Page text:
Event Website

https://docs.google.com/presentation/d/1hWVwjQaI20utLQWehoyjItuorQoy6uYhExuKxJ8slaE/edit?usp=sharing

Start Date

11-12-2017 11:05 AM

Description

Increased technological capabilities allow for new and exciting ways to market to potential consumers. As a result, advertising has assumed an ever-increasing presence in the world. Marketers need guidance in navigating this complicated sector, leading to the emergence of a new field: neuromarketing. Neuroscience can reveal key, subconscious and potentially lucrative information about the responses advertisements elicit in viewers. Tools such as electroencephalography (EEG) and electromyography (EMG) can trace physiological responses that indicate levels of receptiveness to the stimuli being presented. This proposed research experiment seeks to present a sample of participants with either visual or auditory advertisements, tracked via EEG or EMG, to essentially determine which mode of advertising is more effective. It also seeks to determine if EEG and EMG indicate similar levels of response.

Comments

Dr. Amy Lauer

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Dec 11th, 11:05 AM

Comparing TV and Radio Advertising: A Focus on Visual Versus Auditory Advertising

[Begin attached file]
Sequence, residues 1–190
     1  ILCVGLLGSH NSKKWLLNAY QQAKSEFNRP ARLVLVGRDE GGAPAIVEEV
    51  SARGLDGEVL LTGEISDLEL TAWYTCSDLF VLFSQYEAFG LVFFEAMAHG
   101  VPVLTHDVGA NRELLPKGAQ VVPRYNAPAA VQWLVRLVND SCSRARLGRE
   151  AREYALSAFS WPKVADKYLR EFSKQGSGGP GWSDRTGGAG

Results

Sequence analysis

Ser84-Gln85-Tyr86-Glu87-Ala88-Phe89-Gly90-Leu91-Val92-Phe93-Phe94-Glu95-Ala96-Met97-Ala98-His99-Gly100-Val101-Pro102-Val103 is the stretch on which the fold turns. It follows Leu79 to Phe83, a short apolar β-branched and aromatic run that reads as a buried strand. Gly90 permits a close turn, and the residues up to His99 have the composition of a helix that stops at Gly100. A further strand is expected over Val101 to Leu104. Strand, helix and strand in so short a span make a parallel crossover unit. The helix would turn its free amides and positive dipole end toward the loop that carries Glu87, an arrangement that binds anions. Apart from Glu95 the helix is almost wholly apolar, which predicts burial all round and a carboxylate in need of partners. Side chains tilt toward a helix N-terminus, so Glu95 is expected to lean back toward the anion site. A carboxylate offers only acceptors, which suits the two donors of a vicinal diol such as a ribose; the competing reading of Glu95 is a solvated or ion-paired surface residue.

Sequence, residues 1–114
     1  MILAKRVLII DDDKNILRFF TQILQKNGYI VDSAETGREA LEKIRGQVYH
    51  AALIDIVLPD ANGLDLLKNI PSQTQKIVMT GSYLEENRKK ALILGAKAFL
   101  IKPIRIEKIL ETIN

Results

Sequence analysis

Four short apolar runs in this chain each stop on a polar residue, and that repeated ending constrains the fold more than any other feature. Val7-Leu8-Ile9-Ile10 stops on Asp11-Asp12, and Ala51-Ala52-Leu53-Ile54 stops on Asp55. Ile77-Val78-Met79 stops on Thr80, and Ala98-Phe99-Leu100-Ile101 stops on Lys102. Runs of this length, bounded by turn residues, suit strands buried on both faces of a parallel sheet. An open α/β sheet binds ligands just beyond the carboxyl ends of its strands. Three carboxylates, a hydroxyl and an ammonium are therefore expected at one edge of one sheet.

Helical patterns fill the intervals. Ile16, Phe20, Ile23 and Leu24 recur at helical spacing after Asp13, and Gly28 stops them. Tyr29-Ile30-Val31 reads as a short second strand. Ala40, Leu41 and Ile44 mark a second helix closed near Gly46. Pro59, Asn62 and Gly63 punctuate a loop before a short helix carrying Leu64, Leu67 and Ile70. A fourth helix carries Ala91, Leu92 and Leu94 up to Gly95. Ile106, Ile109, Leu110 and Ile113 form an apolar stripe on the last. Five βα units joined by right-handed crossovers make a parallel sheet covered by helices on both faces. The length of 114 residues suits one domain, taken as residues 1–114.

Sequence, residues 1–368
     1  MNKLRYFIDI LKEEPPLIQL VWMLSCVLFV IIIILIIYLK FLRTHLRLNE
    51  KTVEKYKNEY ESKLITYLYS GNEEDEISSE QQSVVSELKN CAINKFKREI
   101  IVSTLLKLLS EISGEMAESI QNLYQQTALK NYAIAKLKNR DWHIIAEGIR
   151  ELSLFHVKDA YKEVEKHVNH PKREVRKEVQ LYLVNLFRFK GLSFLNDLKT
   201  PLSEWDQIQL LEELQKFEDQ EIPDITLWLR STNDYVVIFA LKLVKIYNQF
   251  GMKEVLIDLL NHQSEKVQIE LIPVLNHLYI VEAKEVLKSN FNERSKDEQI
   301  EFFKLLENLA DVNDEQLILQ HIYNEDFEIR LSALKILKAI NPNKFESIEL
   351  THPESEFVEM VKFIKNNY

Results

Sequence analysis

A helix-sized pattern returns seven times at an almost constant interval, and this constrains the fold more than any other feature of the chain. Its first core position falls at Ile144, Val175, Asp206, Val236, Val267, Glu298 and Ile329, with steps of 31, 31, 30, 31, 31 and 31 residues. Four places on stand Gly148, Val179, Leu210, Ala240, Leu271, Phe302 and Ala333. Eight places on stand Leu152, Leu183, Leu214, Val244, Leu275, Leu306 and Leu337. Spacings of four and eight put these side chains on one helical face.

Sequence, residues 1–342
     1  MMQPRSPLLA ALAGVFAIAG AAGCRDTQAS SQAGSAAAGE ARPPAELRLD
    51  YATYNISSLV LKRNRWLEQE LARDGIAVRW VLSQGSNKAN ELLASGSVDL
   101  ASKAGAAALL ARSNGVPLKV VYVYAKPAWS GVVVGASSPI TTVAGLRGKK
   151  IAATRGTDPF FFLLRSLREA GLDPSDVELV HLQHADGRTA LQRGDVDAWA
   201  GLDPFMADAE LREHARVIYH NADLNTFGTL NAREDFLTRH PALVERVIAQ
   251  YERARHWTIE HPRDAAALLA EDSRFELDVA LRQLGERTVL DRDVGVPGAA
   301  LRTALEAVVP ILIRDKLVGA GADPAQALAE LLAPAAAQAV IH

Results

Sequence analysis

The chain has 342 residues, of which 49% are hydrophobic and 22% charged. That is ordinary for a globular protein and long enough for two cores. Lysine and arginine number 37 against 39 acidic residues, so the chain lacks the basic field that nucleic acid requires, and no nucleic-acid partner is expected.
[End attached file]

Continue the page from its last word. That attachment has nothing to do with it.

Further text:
Increased technological capabilities allow for new and exciting ways to market to potential consumers. As a result, advertising has assumed an ever-increasing presence in the world. Marketers need guidance in navigating this complicated sector, leading to the emergence of a new field: neuromarketing. Neuroscience can reveal key, subconscious and potentially lucrative information about the responses advertisements elicit in viewers. Tools such as electroencephalography (EEG) and electromyography (EMG) can trace physiological responses that indicate levels of receptiveness to the stimuli being presented. This proposed research experiment seeks to present a sample of participants with either visual or auditory advertisements, tracked via EEG or EMG, to essentially determine which mode of advertising is more effective. It also seeks to determine if EEG and EMG indicate similar levels of response.

https://digitalcommons.lmu.edu/honors-research-and-exhibition/2017/section-02/2